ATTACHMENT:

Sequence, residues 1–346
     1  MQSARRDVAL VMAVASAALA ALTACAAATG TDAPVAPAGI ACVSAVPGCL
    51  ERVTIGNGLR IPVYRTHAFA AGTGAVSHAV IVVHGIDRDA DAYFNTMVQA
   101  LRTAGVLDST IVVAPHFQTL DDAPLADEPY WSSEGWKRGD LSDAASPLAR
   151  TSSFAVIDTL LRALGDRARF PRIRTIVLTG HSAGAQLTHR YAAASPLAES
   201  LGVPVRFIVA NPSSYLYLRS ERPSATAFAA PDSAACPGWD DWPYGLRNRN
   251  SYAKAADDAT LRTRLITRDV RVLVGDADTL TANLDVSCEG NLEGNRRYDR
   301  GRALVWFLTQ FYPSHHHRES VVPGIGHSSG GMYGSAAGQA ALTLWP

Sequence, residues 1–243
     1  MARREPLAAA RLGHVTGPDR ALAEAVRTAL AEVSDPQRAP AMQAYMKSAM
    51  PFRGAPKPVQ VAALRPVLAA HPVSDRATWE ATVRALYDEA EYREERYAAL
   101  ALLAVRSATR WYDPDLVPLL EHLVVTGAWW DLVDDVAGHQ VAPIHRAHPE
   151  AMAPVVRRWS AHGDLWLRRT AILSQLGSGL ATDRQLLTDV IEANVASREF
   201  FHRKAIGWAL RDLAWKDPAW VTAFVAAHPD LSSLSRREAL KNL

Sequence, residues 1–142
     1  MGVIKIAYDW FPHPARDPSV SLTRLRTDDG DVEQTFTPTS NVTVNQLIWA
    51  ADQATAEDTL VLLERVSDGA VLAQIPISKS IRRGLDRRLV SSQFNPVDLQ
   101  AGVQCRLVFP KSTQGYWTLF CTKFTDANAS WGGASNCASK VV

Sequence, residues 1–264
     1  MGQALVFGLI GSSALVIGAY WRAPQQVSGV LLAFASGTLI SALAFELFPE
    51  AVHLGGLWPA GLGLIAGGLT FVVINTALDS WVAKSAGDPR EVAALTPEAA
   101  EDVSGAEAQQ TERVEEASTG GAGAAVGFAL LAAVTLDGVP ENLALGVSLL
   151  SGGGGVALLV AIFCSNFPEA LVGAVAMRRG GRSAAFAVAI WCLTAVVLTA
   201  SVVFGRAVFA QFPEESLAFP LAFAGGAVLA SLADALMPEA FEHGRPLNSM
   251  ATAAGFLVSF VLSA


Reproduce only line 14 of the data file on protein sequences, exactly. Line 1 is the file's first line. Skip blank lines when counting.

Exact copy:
   201  FHRKAIGWAL RDLAWKDPAW VTAFVAAHPD LSSLSRREAL KNL